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When you earn too much to receive Medicaid but too little to afford private health insurance, you're caught between a rock and the emergency room. It's a dilemma detailed in journalist Mike King's book A Spirit of Charity about the fractured funding of America's public hospitals and clinics, a problem that also results in a lack of home health services for people without insurance.

When facing a serious illness, treatment options can be confusing. Some patients pursue aggressive treatment, while others choose to forego curative treatment and enter hospice care. However, there is another option called palliative care. Palliative care is often confused with hospice care, but it is not just for hospice patients. Many patients find palliative care a life-affirming, supportive option for dealing with their serious illness.

Games are common in checklists of gifts for Alzheimer's patients, because they provide mental stimulation and pleasant interaction for patients and their families and other caregivers. A July 2016 report concerning reinterpretation of data from a 10-year study related to warding off Alzheimer's is creating a stir about cutting risk of the disease through computer brain games. Registered nurses who aid Alzheimer's patients know all too well the impacts the disease has on patients' families. One concern that often arises is vulnerability of other family members to the disease and what they can do to avoid it. Many members of Alzheimer's families are interested in whether brain training through computer games may be beneficial.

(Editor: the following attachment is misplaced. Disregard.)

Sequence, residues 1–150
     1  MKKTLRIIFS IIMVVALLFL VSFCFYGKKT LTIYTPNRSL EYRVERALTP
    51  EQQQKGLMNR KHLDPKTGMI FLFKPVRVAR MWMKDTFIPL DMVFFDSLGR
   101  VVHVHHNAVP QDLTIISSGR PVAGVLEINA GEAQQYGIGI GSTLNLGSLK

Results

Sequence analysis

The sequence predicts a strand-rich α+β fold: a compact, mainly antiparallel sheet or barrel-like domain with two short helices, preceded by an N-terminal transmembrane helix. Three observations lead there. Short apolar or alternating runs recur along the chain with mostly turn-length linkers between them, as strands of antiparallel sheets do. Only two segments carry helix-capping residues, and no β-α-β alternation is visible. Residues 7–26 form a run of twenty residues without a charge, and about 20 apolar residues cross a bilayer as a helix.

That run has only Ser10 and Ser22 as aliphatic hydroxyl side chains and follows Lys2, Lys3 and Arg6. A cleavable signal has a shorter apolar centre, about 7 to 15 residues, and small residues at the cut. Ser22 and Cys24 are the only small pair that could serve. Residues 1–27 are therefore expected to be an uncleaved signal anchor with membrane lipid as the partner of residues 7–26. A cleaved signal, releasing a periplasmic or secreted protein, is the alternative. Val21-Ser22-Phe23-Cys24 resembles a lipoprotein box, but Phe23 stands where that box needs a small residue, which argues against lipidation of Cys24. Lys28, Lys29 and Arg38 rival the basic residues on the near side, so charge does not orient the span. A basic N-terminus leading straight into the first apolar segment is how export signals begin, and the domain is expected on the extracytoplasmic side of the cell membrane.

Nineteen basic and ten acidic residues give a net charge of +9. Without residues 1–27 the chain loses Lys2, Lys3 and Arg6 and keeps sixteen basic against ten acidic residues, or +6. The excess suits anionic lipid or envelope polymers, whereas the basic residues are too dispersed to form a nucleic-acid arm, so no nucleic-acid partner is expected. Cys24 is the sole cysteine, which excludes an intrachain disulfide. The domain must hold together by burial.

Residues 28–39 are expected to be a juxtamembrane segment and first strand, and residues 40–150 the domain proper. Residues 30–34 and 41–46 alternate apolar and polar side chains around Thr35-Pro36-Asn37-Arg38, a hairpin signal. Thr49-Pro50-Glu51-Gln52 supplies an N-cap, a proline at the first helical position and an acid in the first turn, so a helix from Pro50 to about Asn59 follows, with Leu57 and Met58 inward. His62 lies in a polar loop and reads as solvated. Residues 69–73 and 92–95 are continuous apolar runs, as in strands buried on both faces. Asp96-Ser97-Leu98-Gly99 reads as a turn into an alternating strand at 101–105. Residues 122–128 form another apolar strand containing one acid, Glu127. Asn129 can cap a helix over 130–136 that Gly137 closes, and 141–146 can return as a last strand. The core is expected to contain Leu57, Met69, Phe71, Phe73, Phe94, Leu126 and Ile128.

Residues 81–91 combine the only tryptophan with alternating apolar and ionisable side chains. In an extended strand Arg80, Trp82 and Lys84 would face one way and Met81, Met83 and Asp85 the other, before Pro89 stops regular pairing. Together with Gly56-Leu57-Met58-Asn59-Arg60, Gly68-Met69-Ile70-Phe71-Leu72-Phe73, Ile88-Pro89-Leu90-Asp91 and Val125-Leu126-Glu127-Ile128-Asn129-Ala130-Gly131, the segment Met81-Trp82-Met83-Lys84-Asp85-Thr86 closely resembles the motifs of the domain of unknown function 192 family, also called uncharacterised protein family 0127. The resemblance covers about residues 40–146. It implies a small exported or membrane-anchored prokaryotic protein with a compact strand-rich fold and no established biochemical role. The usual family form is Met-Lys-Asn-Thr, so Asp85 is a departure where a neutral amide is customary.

Approximately 5.3 million Americans are living with Alzheimer’s disease. One in nine people over 65 suffer from this devastating illness. Researchers are keen to learn more about the factors that may improve early detection of the disease as well as characteristics that may place someone at greater risk. Now, new information is emerging about subtle changes that may be early signs of Alzheimer’s disease.  

Life expectancy in the developed world has been continuously increasing for decades, spurred on by medical breakthroughs, improved sanitation and greater access to medical resources. These changes have also led to differences in how and where people die. No matter what your age, it is never too early to begin thinking about the circumstances in which you would like to spend your final days.